Geriomics
DNAging Research

Researchers

Geriomics Team

 
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Douglas P. Kiel, M.D., M.P.H.

  • Director Musculoskeletal Research Center and Senior Scientist, Marcus Institute for Aging Research

  • Associate Member, Broad Institute of MIT & Harvard

  • Professor of Medicine, Harvard Medical School

Dr. Kiel's research focuses on the epidemiology of osteoporosis and related fractures, including lifestyle factors, biomarkers, and genetic factors.  He is also interested in sarcopenia and its consequences, including falls and disability.  He also has conducted multiple clinical trials targeting the musculoskeletal system.  He leads the Framingham Osteoporosis Study, and serves in leadership roles for many organizations including the NIH, American Society for Bone and Mineral Research, National Osteoporosis Foundation, and the Joint Commission.

 
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David Karasik, Ph.D.

  • Associate Scientist, Marcus Institute for Aging Research

David Karasik's overall research focus is in the area of interpersonal variability of aging, ranging from morphological changes in ossified tissues to the genetics of age-related conditions, such as osteoporosis, sarcopenia (muscle wasting), and menopause. His special interest is in identifying the pleiotropic genetic factors governing multiple aging-related traits.

Dr. Karasik has many years of teaching Human Gross Anatomy. Currently, he is serving as a Head of the Anatomy Program in the newly formed Faculty of Medicine, Bar Ilan University, Israel.

 
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Yi-Hsiang (Sean) Hsu, Sc.D.

  • Associate Director Geriomics Program, Marcus Institute for Aging Research

  • Program for Quantitative Genomics

  • Molecular and Integrative Physiological Sciences Program, Harvard School of Public Health.

  • Assistant Professor of Medicine, Department of Medicine, Beth Israel Deaconess Medical Center and Harvard Medical School

  • Associate Member, Broad Institute of MIT & Harvard

Dr. Hsu’s research is focused on (1) the genetic contribution to common aging relevant disorders using population-based next generation, whole genome sequencing, exome-sequencing and GWAS approaches; (2) statistical method development on multiple-phenotype association analyses; and (3) identifying biomarkers of osteoporosis using metabolomics.

 

 
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Michelle Yau, Ph.D.

  • Post-Doctoral Research Fellow, Marcus Institute for Aging Research

  • Research Fellow in Medicine, Department of Medicine, Beth Israel Deaconess Medical Center and Harvard Medical School

  • Affiliate Member, Broad Institute of MIT & Harvard

Dr. Michelle Yau is a T32-funded post-doctoral research fellow in the Musculoskeletal Research Group at the Marcus Institute for Aging Research, Hebrew SeniorLife.  Her research focuses on identifying the genetic/genomic contributions to common age-associated conditions such as osteoarthritis (OA), osteoporosis, and intervertebral disc degeneration.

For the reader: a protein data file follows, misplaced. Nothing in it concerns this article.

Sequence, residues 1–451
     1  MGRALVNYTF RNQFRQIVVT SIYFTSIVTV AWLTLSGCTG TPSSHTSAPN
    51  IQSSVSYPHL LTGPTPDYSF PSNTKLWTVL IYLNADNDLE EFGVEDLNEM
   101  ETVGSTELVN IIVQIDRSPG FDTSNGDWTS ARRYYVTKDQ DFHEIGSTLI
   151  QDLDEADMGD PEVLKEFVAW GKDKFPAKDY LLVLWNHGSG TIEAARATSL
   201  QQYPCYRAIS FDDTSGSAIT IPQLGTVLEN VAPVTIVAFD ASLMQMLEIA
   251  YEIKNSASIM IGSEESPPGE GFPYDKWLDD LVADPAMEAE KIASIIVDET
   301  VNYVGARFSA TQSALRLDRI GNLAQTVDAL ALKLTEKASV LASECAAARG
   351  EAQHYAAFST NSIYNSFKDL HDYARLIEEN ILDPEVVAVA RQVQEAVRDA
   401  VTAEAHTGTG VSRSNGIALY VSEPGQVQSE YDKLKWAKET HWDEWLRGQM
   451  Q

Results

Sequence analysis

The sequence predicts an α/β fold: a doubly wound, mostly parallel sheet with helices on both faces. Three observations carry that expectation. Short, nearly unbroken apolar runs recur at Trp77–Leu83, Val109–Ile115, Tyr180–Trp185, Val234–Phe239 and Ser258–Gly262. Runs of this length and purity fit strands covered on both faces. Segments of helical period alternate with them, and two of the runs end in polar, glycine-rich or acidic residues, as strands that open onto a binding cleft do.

Dr. Yau’s current research aims to identify the genetic components of OA and its relationship to bone.  She is particularly interested in bone marrow lesions as an endophenotype for OA.  Bone marrow lesions are a specific MRI-feature that may reflect areas of damage in the subchondral bone and represent some of the earliest changes underlying OA pathophysiology.  To further understand the genetic contribution to bone marrow lesions, she is conducting a large-scale genome-wide association meta-analysis study of bone marrow lesions and a RNA-sequencing study of OA bone samples.  Dr. Yau is also involved in other studies to identify clinical and epigenetic factors related to OA, genetic components of other musculoskeletal endophenotypes such as finger length and bone shape, and African ancestry-specific genetic contributions to bone mineral density.

Dr. Yau received a BS in Biochemistry from the University of Maryland, MPH in Epidemiology from The George Washington University, and PhD in Human Genetics from the University of Maryland.  She is an active member of the Association of Rheumatology Health Professionals (ARHP) Research Methodology Committee and Osteoarthritis Research Society International (OARSI) Young Investigator Committee.

 
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Fredrick Kinyua

  • Programmer Analyst II

Dr. Kinyua received his undergraduate degree in biomedical science/technology, then completed a Masters degree in bioinformatics.  His PhD was obtained in Bioscience.  Before coming to the Geriomics Program, Dr. Kinyua worked on building computational pipelines for “omic” data and studied gene-environment interactions.  He currently serves as a bioinformatician and genetic analyst for the Geriomics Program